Kelley Drye: Then and Now
2021 marks a unique confluence of milestones for Kelley Drye. As we move into new office space in New York City, we also look back to celebrate the 185th anniversary of the firm’s founding and two key mergers that have had a dramatic impact on the evolution of the firm – the 15th anniversary of the merger with Collier Shannon Scott, and the fifth anniversary of the merger with Jackson Gilmour & Dobbs.

On this occasion we reflect on a series of questions:

What impact have we had on our clients and on the legal profession?

What has changed about our approach to client service and why?

What do we want the next 185 years at Kelley Drye to look like?

As we pondered the answers to these questions, we uncovered an amazing historical progression that traces the course of not only our firm but also our nation. Our rich history has influenced our portfolio of legal services and guided our approach to daily interactions with clients.

Over the coming weeks and months, Kelley Drye will open the archives to share photos and memories from our history, noting the themes that have carried over time to influence our engagements with our clients. These will include: key milestones, office additions, notable attorneys who have been a part of our community, technological firsts, and fun trivia facts.

We are proud of our heritage. The days and years ahead offer potential for great contributions to our clients, our communities, and our lawyers and staff. To truly visualize the future of Kelley Drye, we must understand something about our past. And as we learn more about our history through this fun reflective exercise, we are able to understand how we became the firm we are today and how it impacts the services we continue to provide clients.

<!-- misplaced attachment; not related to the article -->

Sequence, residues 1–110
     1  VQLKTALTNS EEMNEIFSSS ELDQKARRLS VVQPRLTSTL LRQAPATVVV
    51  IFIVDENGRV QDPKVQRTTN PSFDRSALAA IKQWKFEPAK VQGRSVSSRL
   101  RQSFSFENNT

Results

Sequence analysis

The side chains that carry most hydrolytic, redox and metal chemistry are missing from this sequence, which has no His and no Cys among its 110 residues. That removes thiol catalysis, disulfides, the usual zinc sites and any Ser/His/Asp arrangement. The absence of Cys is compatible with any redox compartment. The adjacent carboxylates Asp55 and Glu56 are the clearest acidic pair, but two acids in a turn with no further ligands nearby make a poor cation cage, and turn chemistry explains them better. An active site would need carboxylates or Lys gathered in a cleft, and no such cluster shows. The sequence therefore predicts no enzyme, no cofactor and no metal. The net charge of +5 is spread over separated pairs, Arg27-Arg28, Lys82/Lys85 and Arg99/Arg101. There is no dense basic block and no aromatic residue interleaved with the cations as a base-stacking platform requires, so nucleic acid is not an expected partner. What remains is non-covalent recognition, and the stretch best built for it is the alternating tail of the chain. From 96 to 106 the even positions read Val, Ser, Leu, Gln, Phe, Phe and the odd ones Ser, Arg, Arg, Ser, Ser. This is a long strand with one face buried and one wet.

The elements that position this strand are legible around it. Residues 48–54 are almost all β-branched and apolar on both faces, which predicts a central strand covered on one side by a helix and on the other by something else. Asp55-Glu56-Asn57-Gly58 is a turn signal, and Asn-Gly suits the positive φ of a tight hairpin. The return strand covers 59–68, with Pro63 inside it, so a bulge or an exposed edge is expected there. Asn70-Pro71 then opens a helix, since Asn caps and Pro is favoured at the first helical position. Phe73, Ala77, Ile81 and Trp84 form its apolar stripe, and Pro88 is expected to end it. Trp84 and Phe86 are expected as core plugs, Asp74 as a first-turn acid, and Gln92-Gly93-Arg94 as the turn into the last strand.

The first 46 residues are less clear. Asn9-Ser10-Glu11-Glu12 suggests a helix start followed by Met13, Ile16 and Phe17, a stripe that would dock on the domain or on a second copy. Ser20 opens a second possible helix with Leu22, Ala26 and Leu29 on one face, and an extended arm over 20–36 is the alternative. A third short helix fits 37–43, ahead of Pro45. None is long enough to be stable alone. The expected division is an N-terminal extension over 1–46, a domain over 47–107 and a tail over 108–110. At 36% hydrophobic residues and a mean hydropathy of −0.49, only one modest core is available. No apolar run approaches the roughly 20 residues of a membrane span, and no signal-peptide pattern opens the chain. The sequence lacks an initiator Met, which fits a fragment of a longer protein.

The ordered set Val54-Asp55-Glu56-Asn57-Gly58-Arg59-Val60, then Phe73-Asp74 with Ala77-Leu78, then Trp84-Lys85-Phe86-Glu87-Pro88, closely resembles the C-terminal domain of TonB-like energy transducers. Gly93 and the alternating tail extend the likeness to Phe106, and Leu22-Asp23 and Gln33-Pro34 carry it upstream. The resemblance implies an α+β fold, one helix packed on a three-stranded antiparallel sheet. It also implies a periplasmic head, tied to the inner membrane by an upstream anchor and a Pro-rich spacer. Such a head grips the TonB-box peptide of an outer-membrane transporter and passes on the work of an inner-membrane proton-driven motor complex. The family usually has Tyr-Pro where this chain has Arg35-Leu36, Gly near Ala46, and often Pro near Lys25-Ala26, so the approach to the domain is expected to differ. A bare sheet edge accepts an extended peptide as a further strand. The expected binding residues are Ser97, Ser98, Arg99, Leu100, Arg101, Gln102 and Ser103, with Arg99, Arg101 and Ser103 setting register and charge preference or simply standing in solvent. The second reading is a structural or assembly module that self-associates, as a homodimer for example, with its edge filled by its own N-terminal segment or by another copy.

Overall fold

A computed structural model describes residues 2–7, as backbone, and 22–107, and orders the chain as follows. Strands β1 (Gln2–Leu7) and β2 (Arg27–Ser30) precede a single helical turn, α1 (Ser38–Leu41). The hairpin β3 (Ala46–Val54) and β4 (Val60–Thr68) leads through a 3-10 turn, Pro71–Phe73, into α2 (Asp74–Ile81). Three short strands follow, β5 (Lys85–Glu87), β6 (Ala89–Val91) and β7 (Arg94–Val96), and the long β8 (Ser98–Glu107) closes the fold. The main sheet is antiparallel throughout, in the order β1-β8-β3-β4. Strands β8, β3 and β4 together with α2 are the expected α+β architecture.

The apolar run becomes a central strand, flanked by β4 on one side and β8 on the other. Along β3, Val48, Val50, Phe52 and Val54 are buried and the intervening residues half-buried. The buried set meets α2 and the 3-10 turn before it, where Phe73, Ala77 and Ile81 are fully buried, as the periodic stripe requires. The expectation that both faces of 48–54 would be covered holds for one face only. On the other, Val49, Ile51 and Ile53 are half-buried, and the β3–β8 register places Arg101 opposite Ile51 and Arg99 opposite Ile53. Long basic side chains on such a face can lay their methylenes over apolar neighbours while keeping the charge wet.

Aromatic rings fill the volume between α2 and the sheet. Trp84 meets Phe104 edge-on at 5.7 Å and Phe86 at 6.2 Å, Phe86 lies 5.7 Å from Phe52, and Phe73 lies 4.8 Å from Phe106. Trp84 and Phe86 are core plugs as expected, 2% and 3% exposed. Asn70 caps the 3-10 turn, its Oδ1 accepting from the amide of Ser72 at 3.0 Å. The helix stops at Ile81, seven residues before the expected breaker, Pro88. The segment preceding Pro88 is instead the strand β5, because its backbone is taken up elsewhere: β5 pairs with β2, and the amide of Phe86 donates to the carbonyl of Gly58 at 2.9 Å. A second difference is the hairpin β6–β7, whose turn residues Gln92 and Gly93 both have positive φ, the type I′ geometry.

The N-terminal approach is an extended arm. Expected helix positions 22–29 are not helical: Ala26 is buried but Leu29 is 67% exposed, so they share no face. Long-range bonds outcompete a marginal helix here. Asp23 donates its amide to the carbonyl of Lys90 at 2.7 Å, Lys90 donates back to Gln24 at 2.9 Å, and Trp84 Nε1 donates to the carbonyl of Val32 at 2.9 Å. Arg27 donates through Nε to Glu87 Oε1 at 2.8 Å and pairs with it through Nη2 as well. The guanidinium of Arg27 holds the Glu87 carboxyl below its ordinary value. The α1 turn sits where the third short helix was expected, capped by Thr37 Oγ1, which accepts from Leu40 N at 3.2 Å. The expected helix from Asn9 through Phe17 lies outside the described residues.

Jackson Gilmour Dobbs Merger
 
Did you know, in 2016 – Kelley Drye merged with Jackson Gilmour & Dobbs, P.C.?
Kelley Drye Then: The merger adding a strong Texas presence to the firm as well as becoming the heart of the firm’s environmental litigation practice.

Kelley Drye Now: On May 24, 2021, Justice Clarence Thomas delivered a unanimous decision for the Supreme Court of the United States in the case of Territory of Guam v The United States, brought on behalf of Guam by Kelley Drye & Warren LLP. The Court found in favor of Guam, reversing a D.C. Circuit Court of Appeals decision. For nearly half a century, the United States military discarded toxic waste, including munitions, at the Ordot Dump, which was created by the U.S. military before World War II without any environmental safeguards. The dump was owned and operated by the U.S. military before it was transferred to the newly-created Government of Guam in 1950. This is one example of how the firm provides comprehensive solutions to private and public entities facing complex environmental litigation involving unique, multifaceted legal and technical challenges. Through decades of experience helping clients address the intricacies associated with environmental litigation and administrative matters, our team of attorneys, who are dedicated to environmental litigation, have earned sophisticated legal and technical knowledge to handle the difficulties and challenges presented by environmental litigation. We are one of the few law firms in the country to have been retained by both governmental trustees and private sector clients to represent them in NRD matters, giving our attorneys a unique and well-informed perspective in these large and exceptionally complicated environmental matters. Kelley Drye is also on the vanguard of legal issues related to per- and polyfluoroalkyl substances (PFAS). We have a preeminent team of attorneys dedicated to helping clients address PFAS contamination, and we are counsel in some of the biggest and most significant PFAS litigations in the country, both for public and private clients.





Francis Scott Key



Did you know that one of the firm’s early clients was the estate of Francis Scott Key?
Kelley Drye Then: Francis Scott Key, author of “The Star-Spangled Banner,” was the United States district attorney for the District of Columbia and a good friend of firm founder, Hiram Barney. Upon Key’s death in 1843, Barney was responsible for settling his estate.